The ST Guide To... buying a car

SINGAPORE - Christopher Tan has been reviewing cars since the 1980s, having driven over 1,000 cars of all shapes and sizes. He has seen the good, the bad and the ugly – and that does not necessarily apply to the cars themselves. Motor companies can also be categorised the same way.

Here is his guide to help you pick a cream puff instead of a lemon, and to have a sweet buying experience instead of a bitter one.

1. Reputation

Whether you are buying a new car or a used one, choose established companies – businesses which have been around for decades. These tend to have a reputation they want to preserve.

 

Most of the publicly-listed groups offer new and used cars. Privately-owned multi-franchise agencies are also fairly safe. Among used car dealerships, it is safer to pick those which have CaseTrust accreditation. If in doubt, do a check on a company through the Accounting and Corporate Regulatory Authority. Or Google the company to see what people are saying about it.

2. Go direct

 

Buying a used car from an owner is cool too, as you do away with the middleman and the profit margin he makes. But this usually requires a bit more legwork. And you have to exercise caution as well – like having a simple sales agreement both of you sign, and witnessed by a third party. And make sure the person is actually the rightful owner of the vehicle.

3. Getting mechanical

Have the car inspected at assessment centres like Vicom, Automobile Association of Singapore and Star Automotive Centre will set you back by $200 to $300. But it could save you thousands in the long run. These centres should be able to ascertain whether a car has been in a serious accident or not.


ST FILE PHOTO

4. Hidden cost

The price you pay should not include extra charges. Some dealers levy dodgy charges such as “administrative fee” or “agreement fee”, which you should not foot.

Others may say you need to pay GST after you have settled on a car. GST should have already been included in the advertised price. Also, persuade the dealer to absorb or share the transfer fee.

5. Fine print

Read before signing anything. Unscrupulous agents might try backdating your loan. So you are already behind in payments before you drive off.

6. Cashback

Check deals with cashback incentives. They usually require you to pay back the incentive should you redeem your loan earlier than agreed. Find out what are the exact clauses for early loan redemption.

7. Carte blanc

Do not sign blank forms or blank cheques. Although it is convenient to leave everything to the dealer, this could cause you problems as a common practice in the trade is inflating the selling price to secure a fatter loan. If it is your signature on that document, you are condoning a false declaration.

8. Identity crisis

Never let a dealer keep your identity card or passport. It can be used for various transactions you are not aware of until it is too late. Of course, if you follow the previous advice, this should not be an issue.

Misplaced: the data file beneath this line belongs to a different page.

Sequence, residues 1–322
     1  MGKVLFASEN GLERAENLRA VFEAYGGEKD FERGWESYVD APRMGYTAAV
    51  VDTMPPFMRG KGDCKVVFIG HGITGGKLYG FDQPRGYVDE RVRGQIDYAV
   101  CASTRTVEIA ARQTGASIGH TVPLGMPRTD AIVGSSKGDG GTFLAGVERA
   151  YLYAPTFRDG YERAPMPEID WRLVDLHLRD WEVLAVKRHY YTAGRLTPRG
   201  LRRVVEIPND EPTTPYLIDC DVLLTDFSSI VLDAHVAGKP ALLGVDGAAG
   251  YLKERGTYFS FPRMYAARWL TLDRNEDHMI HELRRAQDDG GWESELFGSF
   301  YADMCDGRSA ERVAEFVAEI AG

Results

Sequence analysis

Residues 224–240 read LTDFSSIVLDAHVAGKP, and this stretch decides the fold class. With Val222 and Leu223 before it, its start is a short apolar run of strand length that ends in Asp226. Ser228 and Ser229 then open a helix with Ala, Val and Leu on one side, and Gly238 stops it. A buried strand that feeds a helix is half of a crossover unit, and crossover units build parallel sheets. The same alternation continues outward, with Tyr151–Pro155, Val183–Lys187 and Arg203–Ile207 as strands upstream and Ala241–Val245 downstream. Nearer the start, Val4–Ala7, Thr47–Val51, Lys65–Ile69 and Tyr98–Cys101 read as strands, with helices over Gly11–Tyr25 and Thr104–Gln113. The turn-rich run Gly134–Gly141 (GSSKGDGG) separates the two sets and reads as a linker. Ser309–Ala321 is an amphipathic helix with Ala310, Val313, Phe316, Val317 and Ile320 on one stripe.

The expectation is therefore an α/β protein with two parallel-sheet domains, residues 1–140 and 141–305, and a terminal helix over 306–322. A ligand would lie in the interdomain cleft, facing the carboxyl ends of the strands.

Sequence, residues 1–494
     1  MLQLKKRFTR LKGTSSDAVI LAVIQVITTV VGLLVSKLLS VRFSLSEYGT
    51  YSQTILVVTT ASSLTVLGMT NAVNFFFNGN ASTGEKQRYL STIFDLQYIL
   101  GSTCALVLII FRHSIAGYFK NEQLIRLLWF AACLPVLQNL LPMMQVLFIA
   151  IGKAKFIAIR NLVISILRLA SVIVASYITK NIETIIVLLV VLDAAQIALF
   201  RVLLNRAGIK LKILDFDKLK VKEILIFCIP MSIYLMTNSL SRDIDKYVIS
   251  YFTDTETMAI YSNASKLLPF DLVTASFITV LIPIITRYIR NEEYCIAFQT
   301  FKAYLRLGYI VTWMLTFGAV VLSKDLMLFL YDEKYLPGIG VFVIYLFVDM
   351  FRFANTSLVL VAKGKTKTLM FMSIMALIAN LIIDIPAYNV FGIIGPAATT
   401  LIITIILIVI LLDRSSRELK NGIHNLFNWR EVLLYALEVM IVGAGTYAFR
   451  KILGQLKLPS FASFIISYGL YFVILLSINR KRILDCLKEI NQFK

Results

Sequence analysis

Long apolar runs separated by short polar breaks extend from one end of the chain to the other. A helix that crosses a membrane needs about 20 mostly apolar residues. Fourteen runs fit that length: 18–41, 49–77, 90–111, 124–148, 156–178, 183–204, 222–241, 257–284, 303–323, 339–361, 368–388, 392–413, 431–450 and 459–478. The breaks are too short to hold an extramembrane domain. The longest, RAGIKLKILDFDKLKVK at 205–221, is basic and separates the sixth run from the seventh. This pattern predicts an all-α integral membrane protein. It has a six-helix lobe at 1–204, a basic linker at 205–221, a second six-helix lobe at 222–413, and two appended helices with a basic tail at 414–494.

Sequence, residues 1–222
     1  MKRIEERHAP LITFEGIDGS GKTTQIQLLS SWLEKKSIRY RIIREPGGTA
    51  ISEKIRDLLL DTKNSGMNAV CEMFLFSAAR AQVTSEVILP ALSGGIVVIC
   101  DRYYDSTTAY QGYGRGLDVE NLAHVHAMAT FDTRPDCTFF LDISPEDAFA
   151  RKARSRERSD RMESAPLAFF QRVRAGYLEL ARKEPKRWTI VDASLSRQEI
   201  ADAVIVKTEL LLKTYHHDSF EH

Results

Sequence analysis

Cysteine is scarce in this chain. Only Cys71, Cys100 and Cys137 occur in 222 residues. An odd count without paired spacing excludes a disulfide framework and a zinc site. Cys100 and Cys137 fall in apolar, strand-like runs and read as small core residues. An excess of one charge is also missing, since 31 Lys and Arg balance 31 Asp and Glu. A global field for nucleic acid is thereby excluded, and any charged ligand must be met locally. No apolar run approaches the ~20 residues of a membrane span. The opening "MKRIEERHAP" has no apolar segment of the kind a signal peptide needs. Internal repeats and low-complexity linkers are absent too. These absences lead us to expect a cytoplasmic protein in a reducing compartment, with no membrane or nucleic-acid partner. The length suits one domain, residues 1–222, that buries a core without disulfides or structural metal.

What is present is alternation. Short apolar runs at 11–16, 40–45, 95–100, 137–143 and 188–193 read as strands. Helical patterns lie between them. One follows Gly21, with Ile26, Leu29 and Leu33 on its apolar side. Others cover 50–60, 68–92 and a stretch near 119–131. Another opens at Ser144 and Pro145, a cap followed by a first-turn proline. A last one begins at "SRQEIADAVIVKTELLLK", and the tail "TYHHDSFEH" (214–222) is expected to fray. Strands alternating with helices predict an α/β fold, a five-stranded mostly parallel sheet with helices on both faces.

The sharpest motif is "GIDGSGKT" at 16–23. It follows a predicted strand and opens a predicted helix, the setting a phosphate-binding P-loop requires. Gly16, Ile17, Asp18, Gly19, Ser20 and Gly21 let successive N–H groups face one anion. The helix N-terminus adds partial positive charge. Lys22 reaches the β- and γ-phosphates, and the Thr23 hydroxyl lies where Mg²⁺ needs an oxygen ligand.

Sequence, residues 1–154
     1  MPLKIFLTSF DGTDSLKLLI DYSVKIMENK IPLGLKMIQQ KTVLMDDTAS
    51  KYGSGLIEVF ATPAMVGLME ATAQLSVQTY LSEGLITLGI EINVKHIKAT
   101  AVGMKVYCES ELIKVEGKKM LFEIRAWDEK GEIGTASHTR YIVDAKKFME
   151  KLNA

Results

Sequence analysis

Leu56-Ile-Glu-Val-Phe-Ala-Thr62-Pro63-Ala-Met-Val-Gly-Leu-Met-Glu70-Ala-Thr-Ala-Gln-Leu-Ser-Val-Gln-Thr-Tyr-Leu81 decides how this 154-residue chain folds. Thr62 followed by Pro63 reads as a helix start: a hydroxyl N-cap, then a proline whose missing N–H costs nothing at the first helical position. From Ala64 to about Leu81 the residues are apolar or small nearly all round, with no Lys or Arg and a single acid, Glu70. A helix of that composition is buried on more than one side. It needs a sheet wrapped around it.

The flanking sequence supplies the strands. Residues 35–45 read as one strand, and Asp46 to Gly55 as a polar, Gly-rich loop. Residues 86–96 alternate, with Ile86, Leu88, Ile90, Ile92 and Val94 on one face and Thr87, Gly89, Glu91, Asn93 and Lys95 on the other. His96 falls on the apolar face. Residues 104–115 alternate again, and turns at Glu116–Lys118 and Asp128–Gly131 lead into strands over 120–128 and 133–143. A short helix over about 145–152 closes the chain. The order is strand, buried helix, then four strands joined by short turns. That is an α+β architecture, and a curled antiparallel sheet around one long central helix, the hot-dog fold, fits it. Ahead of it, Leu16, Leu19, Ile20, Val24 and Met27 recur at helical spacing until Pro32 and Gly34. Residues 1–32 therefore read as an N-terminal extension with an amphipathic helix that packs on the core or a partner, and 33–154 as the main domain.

9. COE conundrum

Will COE prices fall? When?

 

There are people who believe COE prices will defy gravity – despite premiums having fallen by more than $30,000 since 2013. They will continue to trend downwards. This means even though there may be occasional rebounds, the general direction is south. COEs will continue to trend downwards till 2018, when they will start to creep upwards. Again, this will be gradual.

10. Know your taxes

The price of a car consists of its open market value (OMV, or roughly its cost price) + Excise Duty + GST + Additional Registration Fee (ARF) + Registration Tax + COE + the dealer’s profit. ARF is 100 per cent for the first $20,000 of an OMV, 140 per cent for the next $30,000, and 180 per cent for the remaining amount above $50,000. GST is applied on a car after the Excise Duty is computed.

11. Carbon copy

If the car you are eyeing has a CO2 emission of up to 135g/km, it is entitled to a carbon rebate under the Carbon Emissions-based Vehicle Scheme (CEVS). The rebate ranges from $5,000 to $30,000, and is offset against the ARF. That means the scrap value of the car will also be lower. Cars emitting more than 185g/km attract a registration surcharge of between $5,000 and $30,000.

No, this surcharge does not bump up the car’s scrap value.

12. Profit motive

Knowing your car’s OMV, ARF and CEVS status will allow you to work out the dealer’s profit, and consequently, help you decide whether a car is “value for money”.

13. Body of evidence

Check out www.mta.org.sg for an online guide put together by the Motor Traders Association. The MTA can be reached on 6258-7210. The Singapore Vehicle Traders Association is a trade body for used car dealers. Its website is at www.svta.com.sg, and it can be reached on 6743-0269.